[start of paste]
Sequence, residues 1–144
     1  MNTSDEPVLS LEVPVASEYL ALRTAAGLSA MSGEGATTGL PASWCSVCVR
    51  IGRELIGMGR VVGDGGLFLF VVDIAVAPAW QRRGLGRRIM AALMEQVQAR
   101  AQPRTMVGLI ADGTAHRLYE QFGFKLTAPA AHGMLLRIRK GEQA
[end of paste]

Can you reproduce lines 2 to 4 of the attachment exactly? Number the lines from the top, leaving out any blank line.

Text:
     1  MNTSDEPVLS LEVPVASEYL ALRTAAGLSA MSGEGATTGL PASWCSVCVR
    51  IGRELIGMGR VVGDGGLFLF VVDIAVAPAW QRRGLGRRIM AALMEQVQAR
   101  AQPRTMVGLI ADGTAHRLYE QFGFKLTAPA AHGMLLRIRK GEQA